06:58 S1: Alright, the hole's cut. Let's see what we got, people. Oh, interesting. Is that wet slab? I can't tell immediately. Yeah. It's all wet under here. We've found the source of the problem. We know what the problem is, look, it's wet sawdust right there. The problem is here somewhere. Where? It's a well-built cabinet, look at that nice three-quarter thick plywood, that's the Baltic birch ply. That's good cabinets, buddy.

Fancy. I'm super fancy.

See that? See that water under there? And your wife will be glad to know there's a little bit of mold growth in there too.

Sorry, Kim. We're gonna fix it, don't worry. Now we know what the problem is. The harder part now is figuring out which pipe is leaking and where, 'cause the plumber can't fix it until we know where the problem is. But we know it's... I would say it's probably coming from these two pipes, 'cause it's further from the toilet area. So, I have a feeling it's one of these two pipes here.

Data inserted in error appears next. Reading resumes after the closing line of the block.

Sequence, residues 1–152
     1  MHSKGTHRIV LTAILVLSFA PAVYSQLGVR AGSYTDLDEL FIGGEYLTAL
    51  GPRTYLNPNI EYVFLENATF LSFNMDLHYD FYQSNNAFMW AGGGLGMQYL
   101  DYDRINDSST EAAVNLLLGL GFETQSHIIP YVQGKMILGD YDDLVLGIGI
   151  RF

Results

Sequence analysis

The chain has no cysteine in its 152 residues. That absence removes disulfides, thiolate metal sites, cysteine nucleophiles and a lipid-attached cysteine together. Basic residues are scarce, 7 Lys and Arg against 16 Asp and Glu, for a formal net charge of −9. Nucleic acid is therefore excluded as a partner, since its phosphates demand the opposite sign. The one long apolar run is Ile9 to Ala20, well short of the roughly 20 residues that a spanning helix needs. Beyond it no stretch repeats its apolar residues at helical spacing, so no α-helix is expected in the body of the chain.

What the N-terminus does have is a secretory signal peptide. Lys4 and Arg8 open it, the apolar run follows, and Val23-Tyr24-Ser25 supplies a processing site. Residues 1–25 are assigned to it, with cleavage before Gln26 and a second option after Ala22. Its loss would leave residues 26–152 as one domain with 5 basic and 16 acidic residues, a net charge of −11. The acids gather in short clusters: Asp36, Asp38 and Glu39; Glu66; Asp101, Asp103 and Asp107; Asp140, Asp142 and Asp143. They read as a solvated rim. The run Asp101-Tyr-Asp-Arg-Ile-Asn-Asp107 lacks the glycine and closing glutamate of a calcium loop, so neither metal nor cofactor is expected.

08:07: Alright, so, here's the game plan. We've got a hole cut in the bottom of the vanity.

Let's throw my iPhone back in there, use the flash, take a picture, and check this out, this is really interesting. I looked all around in the back of the cabinet there with my phone, beautiful to be able to use this, a little camera and a flash, nothing to the left-hand side of the vanity, but as we get to the right, ooh, what's that? Little zoom in, there are three copper pipes coming out of the slab in the back right-hand corner here, and it appears to be wet around that area. I wonder if when this remodel happened, we got a small leak back there.